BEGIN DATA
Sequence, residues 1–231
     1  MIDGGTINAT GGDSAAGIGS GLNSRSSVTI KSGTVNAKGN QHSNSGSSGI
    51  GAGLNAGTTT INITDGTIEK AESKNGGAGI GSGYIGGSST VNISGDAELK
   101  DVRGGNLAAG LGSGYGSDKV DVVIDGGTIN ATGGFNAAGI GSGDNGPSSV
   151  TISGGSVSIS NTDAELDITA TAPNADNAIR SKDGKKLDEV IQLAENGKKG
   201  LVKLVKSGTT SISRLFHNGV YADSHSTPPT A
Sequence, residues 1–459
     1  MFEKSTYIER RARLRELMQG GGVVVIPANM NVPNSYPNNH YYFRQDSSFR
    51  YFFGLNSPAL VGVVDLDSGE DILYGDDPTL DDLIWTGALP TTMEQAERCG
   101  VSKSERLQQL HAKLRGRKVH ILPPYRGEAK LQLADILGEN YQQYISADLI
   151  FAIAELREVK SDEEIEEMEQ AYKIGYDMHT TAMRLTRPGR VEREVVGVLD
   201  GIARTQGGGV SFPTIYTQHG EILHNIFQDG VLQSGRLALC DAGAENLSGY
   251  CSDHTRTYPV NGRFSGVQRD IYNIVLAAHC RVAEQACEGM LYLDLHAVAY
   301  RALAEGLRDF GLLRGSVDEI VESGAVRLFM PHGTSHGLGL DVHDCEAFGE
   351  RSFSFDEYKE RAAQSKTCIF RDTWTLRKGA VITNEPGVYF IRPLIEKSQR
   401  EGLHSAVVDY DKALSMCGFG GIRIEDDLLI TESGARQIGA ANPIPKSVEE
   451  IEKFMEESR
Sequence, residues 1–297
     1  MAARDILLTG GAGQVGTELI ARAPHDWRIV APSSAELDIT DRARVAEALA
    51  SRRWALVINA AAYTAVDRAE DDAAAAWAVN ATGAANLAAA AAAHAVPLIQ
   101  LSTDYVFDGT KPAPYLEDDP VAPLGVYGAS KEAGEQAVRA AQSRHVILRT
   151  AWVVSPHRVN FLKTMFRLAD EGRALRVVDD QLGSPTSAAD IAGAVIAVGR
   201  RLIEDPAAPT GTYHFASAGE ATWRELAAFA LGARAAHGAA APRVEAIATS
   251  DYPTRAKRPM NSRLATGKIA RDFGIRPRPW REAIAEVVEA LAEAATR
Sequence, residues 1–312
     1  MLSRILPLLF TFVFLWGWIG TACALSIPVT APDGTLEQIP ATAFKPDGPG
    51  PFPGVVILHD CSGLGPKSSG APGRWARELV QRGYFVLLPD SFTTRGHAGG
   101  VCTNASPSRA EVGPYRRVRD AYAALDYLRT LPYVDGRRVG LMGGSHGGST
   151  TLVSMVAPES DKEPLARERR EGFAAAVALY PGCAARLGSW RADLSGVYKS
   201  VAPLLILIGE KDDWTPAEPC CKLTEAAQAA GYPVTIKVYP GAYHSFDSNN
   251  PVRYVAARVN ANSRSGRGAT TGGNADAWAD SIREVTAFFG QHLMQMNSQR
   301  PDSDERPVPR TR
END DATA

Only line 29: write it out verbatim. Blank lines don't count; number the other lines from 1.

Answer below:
   151  TLVSMVAPES DKEPLARERR EGFAAAVALY PGCAARLGSW RADLSGVYKS